Initial approval for the 2024 Urban Mobility Plan
On 14 December the Commission for Ecology, Urban Planning, Infrastructures and Mobility initially approved the 2024 Urban Mobility Plan (PMU). A public scrutiny period during which appropriate arguments may be submitted now begins.
After that time, the new Urban Mobility Plan must be submitted to a meeting of the Full City Council for final approval. The document voted on was discussed with the associations forming part of the Mobility Pact and other entities in the city.
The 2024 PMU sets out four main challenges in response to the mobility needs of people and goods: guaranteeing the right to mobility, looking after people’s health and safety, contributing to the recovery of economic and commercial activities, and fighting the climate crisis and improving air quality.
The plan focuses on five broad areas of mobility: safety, sustainability, health, fairness and smart mobility. It also proposes that the following breakdown of means of transport should be reached by 2024:
- Journeys on foot: up from 34.35% to 35.27% (7.5% modal share increase).
- Journeys by public transport: up from 37.33% to 41.25% (15.7% modal share increase).
- Journeys by bicycle: up from 2.28% to 5% (129.4% modal share increase).
- Journeys by private vehicle: down from 26.04% to 18.48% (25.6% modal share decrease).
With this new breakdown of means of transport, 81.52% of journeys would be undertaken on foot, by public transport or cycling, thus reaching the highest number of stages carried out using sustainable means.
In order to achieve this, a total of 60 lines of action have been specified, with over 300 specific measures to be carried out in the next few years. These are essentially based on:
- Encouraging travel using sustainable means.
- Reducing inefficient or polluting travel.
- Regulating essential mobility and increasing its efficiency.
Under the PMU, mobility is based on pedestrians, with an emphasis on measures for public transport, urban freight distribution and the regulation of on -street parking.
In view of the exceptional circumstances resulting from the Covid-19 pandemic, Barcelona City Council will review the city’s mobility situation in a year’s time to establish whether any adjustments to these measures are needed.
- Gradually eliminating motorcycle parking spaces and bike lanes on pavements.
- Adding 32 km of pedestrian-only streets.
- Improving the monitoring and control of behaviour on pavements.
- Fitting accessible lifts and escalators in public spaces.
- Removing all obstacles in spaces intended for pedestrians (e.g. bollards, cabinets, etc.).
- Restricting and reducing vehicle access to areas around schools, particularly during school start and end times.
- Increasing the efficiency of the bus network, streamlining resources based on the demand for each line and reviewing routes.
- Analysing the weekend service to provide customers with a better service based on their journeys.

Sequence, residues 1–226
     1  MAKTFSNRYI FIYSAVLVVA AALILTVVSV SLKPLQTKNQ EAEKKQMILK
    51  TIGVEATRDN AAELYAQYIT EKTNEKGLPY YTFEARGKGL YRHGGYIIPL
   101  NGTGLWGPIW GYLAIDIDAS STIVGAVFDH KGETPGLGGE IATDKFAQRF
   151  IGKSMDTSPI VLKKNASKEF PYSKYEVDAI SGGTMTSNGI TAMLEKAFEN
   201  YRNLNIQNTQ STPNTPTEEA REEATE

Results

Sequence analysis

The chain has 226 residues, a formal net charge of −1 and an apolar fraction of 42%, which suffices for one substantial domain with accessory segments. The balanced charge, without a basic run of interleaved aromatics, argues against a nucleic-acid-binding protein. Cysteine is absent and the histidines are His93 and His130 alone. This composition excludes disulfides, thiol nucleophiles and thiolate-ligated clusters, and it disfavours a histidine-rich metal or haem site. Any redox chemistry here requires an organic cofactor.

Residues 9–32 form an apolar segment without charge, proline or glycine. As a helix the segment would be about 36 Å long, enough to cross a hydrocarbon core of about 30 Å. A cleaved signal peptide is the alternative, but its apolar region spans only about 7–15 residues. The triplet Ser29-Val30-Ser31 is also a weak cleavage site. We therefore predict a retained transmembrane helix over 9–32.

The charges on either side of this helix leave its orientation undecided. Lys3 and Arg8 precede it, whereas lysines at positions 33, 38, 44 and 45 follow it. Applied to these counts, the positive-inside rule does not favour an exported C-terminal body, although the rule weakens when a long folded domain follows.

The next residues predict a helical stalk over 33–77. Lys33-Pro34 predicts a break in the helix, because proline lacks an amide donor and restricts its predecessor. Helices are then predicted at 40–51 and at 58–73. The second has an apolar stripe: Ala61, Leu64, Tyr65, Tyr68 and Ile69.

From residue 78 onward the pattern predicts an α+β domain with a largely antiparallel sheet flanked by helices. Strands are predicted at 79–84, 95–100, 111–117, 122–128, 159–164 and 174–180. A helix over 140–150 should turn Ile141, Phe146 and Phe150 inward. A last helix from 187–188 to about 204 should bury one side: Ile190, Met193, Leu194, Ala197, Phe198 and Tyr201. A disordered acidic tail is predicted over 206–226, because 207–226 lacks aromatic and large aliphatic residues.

- Adding 67 km of bus lanes.
- Drawing up a proposal for the regulation of supra-municipal buses and the creation of bus stations.
- Promoting park-and-ride schemes with links to public transport at source.
- Considering the possibility of turning local bus lines into book-and-ride buses.
- Using zero-emission buses on entire lines.
- Implementing the metro service improvement plan by improving the frequency of the service.
- Promoting and giving priority to critical actions in the suburban train plan.
- Developing a public taxi application.
- Considering the micro-stop system in general.
- Expanding the current network of bike lanes by 40%.
- Including a 30 km/h lane on streets with three or more traffic lanes in order to increase compatibility with bicycles.
- Considering increasing the number of Bicing electric bicycles in accordance with demand.
- Developing a strategic safe bicycle parking plan in the city.
- Considering the possibility of adjusting parking times in UFD areas based on the type of distribution being carried out.
- Promoting the implementation of last-mile delivery micro-platforms, with at least one in each district of the city.
- Promoting night-time loading and unloading using silent vehicles.
- Boosting the locker or click & collect delivery systems (alternatives aimed at reducing home deliveries).
- Considering and promoting fees and/or fiscal measures to reduce the environmental impact of UFDs (“last mile fee”, “e-commerce fee”).
- Analysing UFD-related accident rates and promoting actions to minimise them.
- Increasing actions on high-accident areas and areas with a high accident risk.
- Putting in place 30 km/h speed limits throughout the city (except on connecting roads).
- Fostering and prioritising the use of more sustainable and less noisy vehicles, ideally electric or, alternatively, running on LPG or CNG.
- Reaching a percentage of electric vehicles in the municipal electric fleet of 80% by 2024.
- Increasing the number of electric vehicle charging points (60 fast charging points).
- Developing and implementing the city’s Parking Strategy.
- Extending the AREA rules in the entire city to 90% of regulated parking spaces on the road.
- Promoting a car park network with more diversified mobility services (bicycles, motorcycles, UFD, electric vehicles and carpooling).
- Extending carpooling services in the metropolitan area (private cars, motorcycles and bicycles) by extending the relevant licences.
- Incorporating automatic monitoring systems for road traffic offences (e.g. radar speed detectors, radar speed signs, average speed radar detectors, traffic light cameras, other cameras, etc.).
- Introducing video reporting on buses to identify and fine drivers that breach the rules at bus stops and on bus lanes.
More than 80% of journeys would be undertaken on foot, by public transport or cycling, thus reaching the highest number of stages carried out using sustainable means.